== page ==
Of Professionals and Predictions

February 4, 2013


Of Professionals and Predictions

by etheorist (01-31-13)

“The ideas of economists and political philosophers, both when they are right and when they are wrong, are more powerful than is commonly understood. Indeed the world is ruled by little else. Practical men, who believe themselves to be quite exempt from any intellectual influence, are usually the slaves of some defunct economist.”-John Maynard Keynes

I read with interest here the case of the bank economist who was suspendedBank Islam's Chief Economist from work for making a prediction. What is “wrong” about the prediction?

As economists, ours is a thankless job in the commercial world. Every company feels it needs an economist to dissect what is going on the local and global economies probably half-heartedly because most CEOs feel that they do know their economics and they have a view which is correct because they are already so successful.

So, an economist in a company is nothing more than just a security blanket to do the needed job of writing about what is happening or has happened and to tell them everything is alright. This is the terrible job of an economist, and this is what we were taught in schools with all our models and econometric estimations which are really all about the past because we need data (which necessarily have to be historical and of the past) to prove whatever we have chosen to prove.

The only really useful thing that comes out of econometric modelling is the estimation of key parameters, to know whether a coefficient is a low or high value – as this will help us to conclude about the responsiveness of economic variables to one another.

Once we have a fairly good idea of what the model looks like, then maybe we can have a certain of confidence to make a projection from the past into the future on the assumption that the structure of the model remains intact and relevant for the future. So, projection is a mechanical thing to do and it does not require much thinking.

Of course, the problem with using a variable-dependent model to make projections is that, if you have five variables that will project one variable, and that we need to put in five future variables to project one, it might just be easier to simply give a future value for that one variable that we are interested in in the first place. Of course, we will not have a story to tell. So the model-based projection is “better” because you can say, if this is true and if that is likely to happen, then this will be the projected outcome.

But predictions, to my mind, are an entirely class of creatures all together. Projections, after all, are often argued and justified and hidden behind conditions; projections are conditional predictions. But a prediction, on its own, is an unconditional prediction. “I say the world will end tomorrow.” This is a prediction and the only thing left to do is to see whether tomorrow comes.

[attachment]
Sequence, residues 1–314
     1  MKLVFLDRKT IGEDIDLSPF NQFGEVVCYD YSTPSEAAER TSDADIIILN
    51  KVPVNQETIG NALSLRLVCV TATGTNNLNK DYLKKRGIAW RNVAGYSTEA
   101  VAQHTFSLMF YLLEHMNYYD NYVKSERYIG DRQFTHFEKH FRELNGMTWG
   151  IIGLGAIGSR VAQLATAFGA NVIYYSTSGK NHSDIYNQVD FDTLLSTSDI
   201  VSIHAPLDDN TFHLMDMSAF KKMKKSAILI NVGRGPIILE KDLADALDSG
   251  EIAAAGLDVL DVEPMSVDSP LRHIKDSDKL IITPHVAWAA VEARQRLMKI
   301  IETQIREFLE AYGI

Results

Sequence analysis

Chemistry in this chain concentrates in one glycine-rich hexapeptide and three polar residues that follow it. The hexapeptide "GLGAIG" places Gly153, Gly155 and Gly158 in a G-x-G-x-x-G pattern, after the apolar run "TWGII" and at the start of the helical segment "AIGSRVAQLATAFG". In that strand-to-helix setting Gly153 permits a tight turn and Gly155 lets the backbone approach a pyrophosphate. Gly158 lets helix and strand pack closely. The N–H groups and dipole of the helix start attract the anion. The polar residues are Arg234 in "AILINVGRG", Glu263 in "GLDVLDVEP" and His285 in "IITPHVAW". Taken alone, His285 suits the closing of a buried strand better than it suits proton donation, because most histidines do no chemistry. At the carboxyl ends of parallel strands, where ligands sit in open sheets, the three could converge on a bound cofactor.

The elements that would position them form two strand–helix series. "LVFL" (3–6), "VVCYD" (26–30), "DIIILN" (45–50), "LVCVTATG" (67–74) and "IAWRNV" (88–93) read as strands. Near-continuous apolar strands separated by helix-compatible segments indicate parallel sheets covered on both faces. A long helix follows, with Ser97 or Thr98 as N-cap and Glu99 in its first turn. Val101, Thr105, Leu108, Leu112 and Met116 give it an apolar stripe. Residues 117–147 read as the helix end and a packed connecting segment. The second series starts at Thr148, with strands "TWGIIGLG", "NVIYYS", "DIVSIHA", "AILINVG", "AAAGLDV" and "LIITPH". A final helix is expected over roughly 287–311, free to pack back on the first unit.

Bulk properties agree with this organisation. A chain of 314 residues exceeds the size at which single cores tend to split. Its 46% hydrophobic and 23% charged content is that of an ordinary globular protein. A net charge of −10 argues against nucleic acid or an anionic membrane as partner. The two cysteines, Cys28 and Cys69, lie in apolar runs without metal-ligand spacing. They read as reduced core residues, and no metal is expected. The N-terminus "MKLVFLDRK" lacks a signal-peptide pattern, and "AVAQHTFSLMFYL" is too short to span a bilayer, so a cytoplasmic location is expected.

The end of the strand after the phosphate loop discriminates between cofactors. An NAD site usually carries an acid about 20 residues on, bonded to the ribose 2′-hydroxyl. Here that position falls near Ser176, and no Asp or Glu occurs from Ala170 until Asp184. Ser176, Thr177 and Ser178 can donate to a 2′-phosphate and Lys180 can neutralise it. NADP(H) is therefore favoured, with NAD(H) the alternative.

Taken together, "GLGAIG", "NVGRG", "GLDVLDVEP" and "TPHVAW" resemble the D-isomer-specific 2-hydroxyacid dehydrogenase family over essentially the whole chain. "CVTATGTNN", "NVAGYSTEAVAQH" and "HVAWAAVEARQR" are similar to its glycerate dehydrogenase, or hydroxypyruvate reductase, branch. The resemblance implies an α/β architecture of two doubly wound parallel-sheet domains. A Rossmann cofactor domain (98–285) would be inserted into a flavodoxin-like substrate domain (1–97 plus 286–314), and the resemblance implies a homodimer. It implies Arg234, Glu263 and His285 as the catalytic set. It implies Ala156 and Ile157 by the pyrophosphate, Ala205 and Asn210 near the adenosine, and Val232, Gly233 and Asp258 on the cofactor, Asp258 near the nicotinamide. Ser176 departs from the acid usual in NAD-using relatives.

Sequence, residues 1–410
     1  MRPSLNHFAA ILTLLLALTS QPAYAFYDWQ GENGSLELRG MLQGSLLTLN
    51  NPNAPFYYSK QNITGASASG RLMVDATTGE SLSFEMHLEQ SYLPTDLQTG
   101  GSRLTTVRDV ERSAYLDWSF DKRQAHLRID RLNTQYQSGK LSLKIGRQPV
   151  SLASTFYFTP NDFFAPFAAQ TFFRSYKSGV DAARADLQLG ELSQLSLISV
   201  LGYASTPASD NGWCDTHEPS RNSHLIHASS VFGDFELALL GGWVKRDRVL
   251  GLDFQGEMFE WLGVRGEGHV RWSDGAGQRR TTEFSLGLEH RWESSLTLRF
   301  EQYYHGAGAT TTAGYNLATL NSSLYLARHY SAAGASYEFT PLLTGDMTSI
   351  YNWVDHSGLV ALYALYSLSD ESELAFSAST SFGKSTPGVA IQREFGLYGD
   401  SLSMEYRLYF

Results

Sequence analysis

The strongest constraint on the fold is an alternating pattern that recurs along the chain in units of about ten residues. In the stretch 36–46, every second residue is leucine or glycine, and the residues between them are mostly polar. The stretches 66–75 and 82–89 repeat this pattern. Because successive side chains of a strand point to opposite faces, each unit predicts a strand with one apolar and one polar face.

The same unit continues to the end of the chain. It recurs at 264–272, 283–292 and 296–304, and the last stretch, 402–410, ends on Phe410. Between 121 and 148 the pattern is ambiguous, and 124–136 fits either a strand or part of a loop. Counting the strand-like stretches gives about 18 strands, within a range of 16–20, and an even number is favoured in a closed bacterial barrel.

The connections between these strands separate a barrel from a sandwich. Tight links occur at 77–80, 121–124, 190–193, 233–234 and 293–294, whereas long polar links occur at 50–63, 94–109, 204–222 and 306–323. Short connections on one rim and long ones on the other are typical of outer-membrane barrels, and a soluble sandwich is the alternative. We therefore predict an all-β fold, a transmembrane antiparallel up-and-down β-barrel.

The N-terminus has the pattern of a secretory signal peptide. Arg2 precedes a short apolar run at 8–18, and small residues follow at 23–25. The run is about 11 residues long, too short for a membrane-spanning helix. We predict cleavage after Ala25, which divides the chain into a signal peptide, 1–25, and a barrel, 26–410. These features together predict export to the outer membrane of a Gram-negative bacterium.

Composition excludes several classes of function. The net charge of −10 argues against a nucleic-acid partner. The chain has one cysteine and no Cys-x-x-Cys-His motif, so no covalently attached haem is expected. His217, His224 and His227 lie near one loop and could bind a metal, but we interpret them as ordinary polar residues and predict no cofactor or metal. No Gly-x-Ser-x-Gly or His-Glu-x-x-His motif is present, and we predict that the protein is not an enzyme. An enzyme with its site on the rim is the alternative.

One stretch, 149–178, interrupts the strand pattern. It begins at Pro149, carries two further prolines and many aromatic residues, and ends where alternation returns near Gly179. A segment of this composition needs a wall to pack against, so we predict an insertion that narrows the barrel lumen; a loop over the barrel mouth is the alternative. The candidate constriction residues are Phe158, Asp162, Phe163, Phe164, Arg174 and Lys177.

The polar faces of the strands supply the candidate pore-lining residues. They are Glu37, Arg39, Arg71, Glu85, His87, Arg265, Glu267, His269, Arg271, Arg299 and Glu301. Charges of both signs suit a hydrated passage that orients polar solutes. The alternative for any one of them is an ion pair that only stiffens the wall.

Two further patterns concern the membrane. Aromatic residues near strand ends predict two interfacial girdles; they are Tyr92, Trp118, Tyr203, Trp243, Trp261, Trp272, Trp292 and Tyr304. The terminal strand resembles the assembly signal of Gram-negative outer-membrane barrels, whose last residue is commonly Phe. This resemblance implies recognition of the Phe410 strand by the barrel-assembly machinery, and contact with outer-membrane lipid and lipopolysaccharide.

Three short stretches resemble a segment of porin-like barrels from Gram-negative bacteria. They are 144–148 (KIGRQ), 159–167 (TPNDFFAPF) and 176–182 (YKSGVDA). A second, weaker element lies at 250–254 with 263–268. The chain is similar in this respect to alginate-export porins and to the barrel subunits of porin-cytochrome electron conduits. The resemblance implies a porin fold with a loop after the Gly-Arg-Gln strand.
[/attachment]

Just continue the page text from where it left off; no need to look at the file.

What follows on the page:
In my mind, predictions are meant for prophets and for those who are brave enough to be able to give a pronouncement that “having considered the current situation and assessed all the possibilities for the future, what it is, I say that this is going to happen in the new year.” A categoric pronouncement.

While projections are usually straight-line projections, predictions are interesting only because they are most spectacular when they deal with turning points. When the structure of the model breaks, and a completely new outcome catches everyone by surprise – or rather that they make incumbents very uncomfortable and unhappy because the prediction says that they are not going to be tomorrow where they are today. So predictions are based on an insight into the conditions under which the prevailing system breaks down. Theoretically, this goes into the realm of chaos theory, or more dramatically, catastrophe theory.

So, the said bank economist thought that he was making an innocent prediction about the change of government based on facts which he must argued quite convincingly, maybe too convincingly, of its likely outcome. If true, then this will be bad not to his employer (which is a bank) but his superior who is a person presumably appointed by the power of the day who has been predicted to be out of business by the next election.

No. To remove the economist will be tantamount to admitting the likely defeat; removing him can only be justified on the ground that is necessary to maintain public confidence, especially in the stock market which  unfortunately has been taken to be barometer of the soundness of the economy. So much for the health of the system.

I can assure you that I have not written with great insight but rather with great experience and wisdom. I was lucky that I had a good boss who defended me, but at the same time, all predictions by me were unpublished until I joined an industry where all kinds of predictions including hearsay and bad dreams are considered gems which clients “would love” to read. I suppose we all earn our living by our wits, literally, in the end.

18 thoughts on “Of Professionals and Predictions

  1. After Pakatan win, you will be reinstated with a double promotion for your accuracy. You will receive all back dated remuneration + extra bonuses for psychological hardship. Those who dismissed you will be dismissed along with their accomplices for causing you duress. ………….. hold on for another 2-3 months and then you will talk among giants.

  2. If I were you, I would write a book on the prediction. When your prediction comes true, you book will be best seller. Ravi Batra wrong the 19 Oct 1987 crash before it happened. After that he became famous.

  3. The business of forecasting and making predictions thereon is a risky business. Keynes once said it is like judging a beauty contest. You don’t to pick the faces that are your personal favorites. It is to select those that you think others will think prettiest.

    On the outcome of GE -13, like that Keynesian beauty contest, even the most reckless of pundits would not venture a prediction based on personal preferences. It is too close to call, and that seems to be the prevailing view at this time. But the bank economist took a heretical position, which now threatens his career. Even bloggers can be damned in the most vile manner for daring to be different. Heretics are never welcome. –Din Merican

  4. What’s this?!
    Lemme see: A projection is a conditioned prediction and a prediction is a prophesy with no basis of preexisting factors? Okay.

    So a prophesy is like dividing zero by zero – in which case the result is indeterminate; a prediction is one divided by zero which is also nonsensical and a forecast is one divided by infinity (of variables) which in itself chaotic.

    A better way to look conclusively at variables is to add, multiply, differentiate, then integrate. That’s what we call divination, magic, instinct and gut feeling. That’s the human thing to do, because variables are given different weightage due to personal preference due to hubris or plain ‘idiosyncrasy’. Nothing wrong with that since political science is as exactingly wooly as economics.